University of Cambridge historian Gary Gerstle charts nearly a century of US history, from the New Deal era of the Great Depression through the 1970s, to the emergence, dominance and decline of the neoliberal order from the 1980s to the 2010s. Doing so, he explains why the US electorate went from favoring big government, union power, high taxes and extensive regulation, to supporting massive tax cuts, free trade, and deregulation – and from there to embracing the populist politics of Donald Trump and Bernie Sanders. Gerstle examines this history alongside the rise and fall of the Soviet Union, including a fascinating explanation of how the two intersect.
Political orders transcend party politics; they form only when both parties adopt them.
A political order starts as a set of ideas that might take years or even decades to enter the mainstream. Proponents build a small inner circle, often made up of economists, politicians and intellectuals. They raise money, form think tanks and political action committees, and get their messages out through the media. Over time, they convince people the good life awaits if they would just adopt new economic and power structures.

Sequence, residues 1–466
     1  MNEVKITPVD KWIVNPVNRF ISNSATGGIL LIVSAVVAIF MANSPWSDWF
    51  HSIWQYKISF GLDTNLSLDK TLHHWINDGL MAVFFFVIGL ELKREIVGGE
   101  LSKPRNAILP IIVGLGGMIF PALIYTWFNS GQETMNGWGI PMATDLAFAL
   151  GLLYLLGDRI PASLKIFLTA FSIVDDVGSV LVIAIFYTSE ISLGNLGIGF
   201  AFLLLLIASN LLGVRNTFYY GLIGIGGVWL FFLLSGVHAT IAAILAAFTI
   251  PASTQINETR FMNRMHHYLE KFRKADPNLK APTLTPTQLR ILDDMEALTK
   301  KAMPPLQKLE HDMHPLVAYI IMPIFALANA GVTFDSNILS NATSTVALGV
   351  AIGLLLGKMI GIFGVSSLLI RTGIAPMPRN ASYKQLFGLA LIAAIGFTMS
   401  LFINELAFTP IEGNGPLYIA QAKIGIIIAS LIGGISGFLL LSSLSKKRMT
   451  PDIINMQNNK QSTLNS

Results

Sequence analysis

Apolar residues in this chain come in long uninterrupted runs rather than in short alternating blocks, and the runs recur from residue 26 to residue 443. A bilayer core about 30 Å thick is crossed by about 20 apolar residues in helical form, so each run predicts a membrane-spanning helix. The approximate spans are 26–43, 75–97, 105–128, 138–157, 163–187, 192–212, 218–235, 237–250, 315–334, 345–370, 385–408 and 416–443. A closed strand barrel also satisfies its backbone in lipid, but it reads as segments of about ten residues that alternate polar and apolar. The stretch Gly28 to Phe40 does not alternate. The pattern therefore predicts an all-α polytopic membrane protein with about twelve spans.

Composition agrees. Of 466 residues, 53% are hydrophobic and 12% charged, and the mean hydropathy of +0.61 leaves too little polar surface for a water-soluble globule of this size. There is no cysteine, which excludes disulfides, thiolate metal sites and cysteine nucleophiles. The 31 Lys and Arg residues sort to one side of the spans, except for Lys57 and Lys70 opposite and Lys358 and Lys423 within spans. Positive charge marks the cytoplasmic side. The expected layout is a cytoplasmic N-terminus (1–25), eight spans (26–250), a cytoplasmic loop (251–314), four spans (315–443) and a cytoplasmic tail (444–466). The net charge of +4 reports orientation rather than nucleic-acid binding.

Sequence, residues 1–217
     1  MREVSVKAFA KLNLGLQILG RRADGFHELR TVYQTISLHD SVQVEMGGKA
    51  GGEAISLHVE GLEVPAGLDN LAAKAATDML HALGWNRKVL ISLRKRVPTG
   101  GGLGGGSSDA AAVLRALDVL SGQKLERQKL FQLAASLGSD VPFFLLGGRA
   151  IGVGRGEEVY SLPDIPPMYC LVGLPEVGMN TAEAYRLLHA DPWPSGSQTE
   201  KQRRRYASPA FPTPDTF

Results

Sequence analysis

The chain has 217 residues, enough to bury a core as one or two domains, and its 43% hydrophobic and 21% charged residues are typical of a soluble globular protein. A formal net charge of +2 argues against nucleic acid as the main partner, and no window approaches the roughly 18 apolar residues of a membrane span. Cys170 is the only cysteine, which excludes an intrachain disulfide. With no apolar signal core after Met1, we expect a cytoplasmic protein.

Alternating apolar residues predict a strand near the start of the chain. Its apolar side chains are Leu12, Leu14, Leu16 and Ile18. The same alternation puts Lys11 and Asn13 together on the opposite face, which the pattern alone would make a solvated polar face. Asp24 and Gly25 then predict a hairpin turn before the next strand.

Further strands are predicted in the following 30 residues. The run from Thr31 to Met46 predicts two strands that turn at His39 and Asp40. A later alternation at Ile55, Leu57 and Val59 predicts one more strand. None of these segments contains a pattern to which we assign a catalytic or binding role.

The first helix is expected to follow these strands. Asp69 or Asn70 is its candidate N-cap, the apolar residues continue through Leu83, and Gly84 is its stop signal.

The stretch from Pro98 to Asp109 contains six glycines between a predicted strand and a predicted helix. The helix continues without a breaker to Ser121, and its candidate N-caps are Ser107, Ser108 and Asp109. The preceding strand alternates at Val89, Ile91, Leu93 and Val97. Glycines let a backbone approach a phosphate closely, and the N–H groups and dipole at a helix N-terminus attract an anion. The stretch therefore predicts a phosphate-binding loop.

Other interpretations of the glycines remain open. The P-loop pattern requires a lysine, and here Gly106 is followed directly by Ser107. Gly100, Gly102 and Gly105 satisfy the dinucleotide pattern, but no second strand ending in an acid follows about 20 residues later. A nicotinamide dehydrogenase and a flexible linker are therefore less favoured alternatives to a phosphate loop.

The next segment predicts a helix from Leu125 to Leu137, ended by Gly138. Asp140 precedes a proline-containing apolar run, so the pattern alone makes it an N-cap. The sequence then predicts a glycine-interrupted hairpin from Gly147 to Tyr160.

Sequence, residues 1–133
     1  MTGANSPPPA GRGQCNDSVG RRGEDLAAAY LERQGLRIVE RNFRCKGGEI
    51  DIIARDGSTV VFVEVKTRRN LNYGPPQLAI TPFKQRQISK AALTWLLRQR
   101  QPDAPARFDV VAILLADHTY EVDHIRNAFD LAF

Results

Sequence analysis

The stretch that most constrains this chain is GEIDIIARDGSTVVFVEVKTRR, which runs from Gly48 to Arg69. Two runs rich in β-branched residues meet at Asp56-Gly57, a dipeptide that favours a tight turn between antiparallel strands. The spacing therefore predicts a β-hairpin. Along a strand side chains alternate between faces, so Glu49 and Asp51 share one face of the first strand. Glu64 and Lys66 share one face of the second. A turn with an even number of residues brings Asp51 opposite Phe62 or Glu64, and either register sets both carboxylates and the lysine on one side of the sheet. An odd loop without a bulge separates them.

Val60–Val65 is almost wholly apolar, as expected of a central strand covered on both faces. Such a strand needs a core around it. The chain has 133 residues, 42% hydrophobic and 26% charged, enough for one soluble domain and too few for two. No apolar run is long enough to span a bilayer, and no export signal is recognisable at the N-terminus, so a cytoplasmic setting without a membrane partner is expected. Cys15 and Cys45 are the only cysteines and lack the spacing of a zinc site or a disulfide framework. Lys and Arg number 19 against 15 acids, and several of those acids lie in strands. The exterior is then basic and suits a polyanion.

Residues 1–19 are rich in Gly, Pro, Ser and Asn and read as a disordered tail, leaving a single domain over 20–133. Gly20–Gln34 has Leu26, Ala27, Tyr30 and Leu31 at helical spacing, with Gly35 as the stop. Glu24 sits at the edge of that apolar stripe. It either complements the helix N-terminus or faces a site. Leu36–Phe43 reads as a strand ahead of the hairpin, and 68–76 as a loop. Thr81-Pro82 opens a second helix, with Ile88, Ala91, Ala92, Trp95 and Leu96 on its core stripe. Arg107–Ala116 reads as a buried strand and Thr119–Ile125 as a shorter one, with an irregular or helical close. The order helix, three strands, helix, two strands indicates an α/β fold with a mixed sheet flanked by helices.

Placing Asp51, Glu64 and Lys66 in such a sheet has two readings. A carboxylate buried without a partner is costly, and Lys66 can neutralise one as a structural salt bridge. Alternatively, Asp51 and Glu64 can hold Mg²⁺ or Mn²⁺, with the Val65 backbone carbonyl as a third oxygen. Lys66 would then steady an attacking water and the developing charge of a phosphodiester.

A political order truly earns the name, however, only when both mainstream political parties have adopted and embraced it. Once established, a political order tends to last decades. Only when an existing order begins to age and fray, and crises emerge, is room made for the next ideology to gain ground.
The New Deal order, rooted in the ideals of social democracy, emerged in the 1930s.
The first US political order of the 21st century formed from Franklin Delano Roosevelt’s (FDR) New Deal, which took shape as a set of reforms, programs and projects championed and led by the three-term US president...
Gary Gerstle is the Paul Mellon Professor of American History at the University of Cambridge. He has authored, co-authored and edited dozens of books, including Liberty and Coercion and Working-Class Americanism. Gerstle is a Fellow of the British Academy and of the Royal Historical Society and a member of the Society of American Historians.